From Human Dignity to Natural Law shows how the whole of the natural law, as understood in the Aristotelian Thomistic tradition, is contained implicitly in human dignity. Human dignity means existing for one’s own good (the common good as well as one’s individual good), and not as a mere means to an alien good. But what is the true human good? This question is answered with a careful analysis of Aristotle’s definition of happiness. The natural law can then be understood as the precepts that guide us in achieving happiness.
To show that human dignity is a reality in the nature of things and not a mere human invention, it is necessary to show that human beings exist by nature for the achievement of the properly human good in which happiness is found. This implies finality in nature. Since contemporary natural science does not recognize final causality, the book explains why living things, as least, must exist for a purpose and why the scientific method, as currently understood, is not able to deal with this question. These reflections will also enable us to respond to a common criticism of natural law theory: that it attempts to derive statements of what ought to be from statements about what is.
After defining the natural law and relating it to human or positive law, Richard Berquist considers Aquinas’s formulation of the first principle of the natural law. It then discusses the love commandments to love God above all things and to love one’s neighbor as oneself as the first precepts of the natural law. Subsequent chapters are devoted to clarifying and defending natural law precepts concerned with the life issues, with sexual morality and marriage, and with fundamental natural rights. From Human Dignity to Natural Law concludes with a discussion of alternatives to the natural law.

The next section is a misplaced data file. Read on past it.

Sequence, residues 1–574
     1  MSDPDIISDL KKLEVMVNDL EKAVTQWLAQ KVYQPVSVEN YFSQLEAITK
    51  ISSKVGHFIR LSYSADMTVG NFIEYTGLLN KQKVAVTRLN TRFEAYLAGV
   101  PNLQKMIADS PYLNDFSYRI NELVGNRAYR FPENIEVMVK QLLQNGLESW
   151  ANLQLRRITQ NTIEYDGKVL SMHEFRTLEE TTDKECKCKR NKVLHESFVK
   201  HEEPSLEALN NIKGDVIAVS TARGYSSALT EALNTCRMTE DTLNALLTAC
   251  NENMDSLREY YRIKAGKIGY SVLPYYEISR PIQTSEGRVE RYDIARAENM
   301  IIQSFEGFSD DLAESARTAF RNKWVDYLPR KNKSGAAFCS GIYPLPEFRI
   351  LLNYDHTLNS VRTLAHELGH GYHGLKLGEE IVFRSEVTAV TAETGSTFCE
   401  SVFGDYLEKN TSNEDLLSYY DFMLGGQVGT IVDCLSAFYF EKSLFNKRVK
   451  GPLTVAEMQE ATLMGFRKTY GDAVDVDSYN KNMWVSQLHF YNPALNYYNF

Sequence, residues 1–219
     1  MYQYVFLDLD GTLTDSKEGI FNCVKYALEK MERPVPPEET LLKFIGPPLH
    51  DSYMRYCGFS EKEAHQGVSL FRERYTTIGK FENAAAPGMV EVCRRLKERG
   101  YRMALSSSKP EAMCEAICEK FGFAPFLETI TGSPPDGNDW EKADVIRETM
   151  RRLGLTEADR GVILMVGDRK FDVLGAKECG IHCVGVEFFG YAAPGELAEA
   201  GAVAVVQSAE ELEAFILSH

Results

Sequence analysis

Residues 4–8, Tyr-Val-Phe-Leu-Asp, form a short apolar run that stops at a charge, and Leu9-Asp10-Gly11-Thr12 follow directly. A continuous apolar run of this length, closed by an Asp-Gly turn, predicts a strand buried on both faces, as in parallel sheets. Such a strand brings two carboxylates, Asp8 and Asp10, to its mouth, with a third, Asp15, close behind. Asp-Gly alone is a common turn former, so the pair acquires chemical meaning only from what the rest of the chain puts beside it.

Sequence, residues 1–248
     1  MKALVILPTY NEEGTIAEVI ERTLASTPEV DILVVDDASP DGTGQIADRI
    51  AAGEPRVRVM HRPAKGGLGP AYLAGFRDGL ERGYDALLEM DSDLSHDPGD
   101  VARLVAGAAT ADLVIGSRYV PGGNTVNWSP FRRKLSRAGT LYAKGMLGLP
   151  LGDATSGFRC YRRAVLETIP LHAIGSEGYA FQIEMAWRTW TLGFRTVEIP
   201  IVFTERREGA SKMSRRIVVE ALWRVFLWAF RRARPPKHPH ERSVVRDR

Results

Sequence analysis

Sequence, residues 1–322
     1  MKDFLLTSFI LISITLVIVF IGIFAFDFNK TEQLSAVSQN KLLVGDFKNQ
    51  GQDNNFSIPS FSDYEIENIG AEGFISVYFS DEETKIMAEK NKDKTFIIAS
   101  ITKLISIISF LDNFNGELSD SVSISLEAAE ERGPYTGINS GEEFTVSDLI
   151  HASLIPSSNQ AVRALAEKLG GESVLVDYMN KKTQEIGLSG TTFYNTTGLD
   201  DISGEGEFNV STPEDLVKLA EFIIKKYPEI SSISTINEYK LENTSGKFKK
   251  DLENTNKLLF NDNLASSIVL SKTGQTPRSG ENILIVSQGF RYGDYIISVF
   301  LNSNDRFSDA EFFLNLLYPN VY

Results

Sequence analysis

"There is a need for a book like this because much of what is now being published on the natural law deals with particular debates within natural law ethics and is intended primarily for academic audiences. Berquist writes for the non-specialist and provides a crystal clear and concise overview of Thomistic natural law, along with a sense of how the natural law can be applied to perennial and contemporary issues in applied ethics. He writes beautifully, with exemplary philosophical prose."~Paul Kucharski, Manhattanville College
"How timely a book! Richard Berquist guides his reader through the implications of the dignity of the human person to discover the fullness of the natural law. Written with characteristic lucidity, this book can richly inform the thinking of any thoughtful reader."~John F. Boyle, University of St. Thomas, Minn.
"There is no other volume which lays out natural law theory from its foundations to its many applications to ethics without being burdened with jargon, controversy or intramural debate...Anyone interested in the natural law, even those already schooled in its tenets, will not fail to benefit from this book. The clarity with which it addresses some of the most profound matters of philosophy is remarkable, and, for an introduction, its breadth is impressive. There is probably no better introduction to natural law than this."~The New Bioethics
"Berquist modestly writes that there is little new in this book. Yet his concise review of the basic principles underlying the Catholic moral tradition, and his compelling application to a broad range of contemporary moral controversies, is enlightening for anyone wanting an introduction to the natural law. It is, in particular, a fine classroom resource for generating intelligent reflections on contemporary morality and public policy."~American Catholic Philosophical Quarterly